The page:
During the 1970s-80s, a US spy programme, called Hexagon launched 20 satellites into the orbit to secretly photograph the Earth. Among the photos taken, are the Himalayas, a region for which historical data is scarce. 

A Columbia University research team has studied satellite images obtained from old spy satellites proving climate change is real, and it is has been happening for the last 50 years.  


These images have revealed the drastic extent of ice loss in the glaciers of the Himalayas. Comparing photos from this mission to recent satellite images, scientists have found that since 2000, glaciers heights have been shrinking by an average of 0.5m per year.

Researchers claim that climate change is the main cause. This research has been published in the journal Science Advances


The research team from Columbia University has studied data and photographs on 650 glaciers spanning 2,000 kms across the Himalayas.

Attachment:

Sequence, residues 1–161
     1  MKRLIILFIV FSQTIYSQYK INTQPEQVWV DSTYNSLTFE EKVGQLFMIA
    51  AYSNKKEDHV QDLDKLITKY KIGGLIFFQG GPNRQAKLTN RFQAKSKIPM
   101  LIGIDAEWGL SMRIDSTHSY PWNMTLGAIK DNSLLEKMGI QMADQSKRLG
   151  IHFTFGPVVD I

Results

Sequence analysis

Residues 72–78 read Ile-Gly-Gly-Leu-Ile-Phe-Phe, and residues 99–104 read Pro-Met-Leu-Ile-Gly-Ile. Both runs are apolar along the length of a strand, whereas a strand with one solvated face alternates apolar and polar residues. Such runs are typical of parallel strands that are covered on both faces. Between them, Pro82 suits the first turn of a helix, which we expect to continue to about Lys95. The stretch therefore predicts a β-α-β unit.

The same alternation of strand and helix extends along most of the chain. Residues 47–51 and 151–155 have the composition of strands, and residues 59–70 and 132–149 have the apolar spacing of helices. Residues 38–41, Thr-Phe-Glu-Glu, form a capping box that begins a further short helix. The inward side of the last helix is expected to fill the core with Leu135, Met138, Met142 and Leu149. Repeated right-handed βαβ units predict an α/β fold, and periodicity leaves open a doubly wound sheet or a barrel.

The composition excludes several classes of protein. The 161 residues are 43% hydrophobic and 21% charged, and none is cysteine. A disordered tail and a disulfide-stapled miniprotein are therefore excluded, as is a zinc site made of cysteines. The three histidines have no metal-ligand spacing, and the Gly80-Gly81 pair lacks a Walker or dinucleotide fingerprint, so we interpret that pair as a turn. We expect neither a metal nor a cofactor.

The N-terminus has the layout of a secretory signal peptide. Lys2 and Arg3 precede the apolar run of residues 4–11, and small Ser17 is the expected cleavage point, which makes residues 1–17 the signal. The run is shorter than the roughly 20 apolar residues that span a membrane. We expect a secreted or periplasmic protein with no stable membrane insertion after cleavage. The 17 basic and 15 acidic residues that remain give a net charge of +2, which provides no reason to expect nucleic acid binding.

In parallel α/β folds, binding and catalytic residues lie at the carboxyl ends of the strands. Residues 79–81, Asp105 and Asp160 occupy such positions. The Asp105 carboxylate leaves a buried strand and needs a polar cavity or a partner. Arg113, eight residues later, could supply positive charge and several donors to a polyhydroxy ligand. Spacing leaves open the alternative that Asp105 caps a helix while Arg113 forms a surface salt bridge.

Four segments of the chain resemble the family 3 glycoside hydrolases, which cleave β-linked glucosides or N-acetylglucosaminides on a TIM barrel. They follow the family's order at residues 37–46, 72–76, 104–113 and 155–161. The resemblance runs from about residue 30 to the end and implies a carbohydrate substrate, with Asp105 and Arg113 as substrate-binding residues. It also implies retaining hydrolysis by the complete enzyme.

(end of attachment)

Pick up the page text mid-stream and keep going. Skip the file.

It was observed that between 1975 to 2000, the region was losing an average of 4bn tonnes of ice each year. 

Comparatively, between 2000 and 2016, the glaciers were melting approximately twice as fast – 8bn tonnes of ice each year. 


For scale, 8bn tonnes of ice is enough to fill 3.2 billion Olympic-sized swimming pools each year. 

Changes in rainfall in the region and soot deposited from the industrial pollution have thought to quicken the melt. Although these were also contributing factors, the research team says that the main cause was rising temperatures in the Himalayan region.

Scientists say that continued losses of the same magnitude will have a huge impact.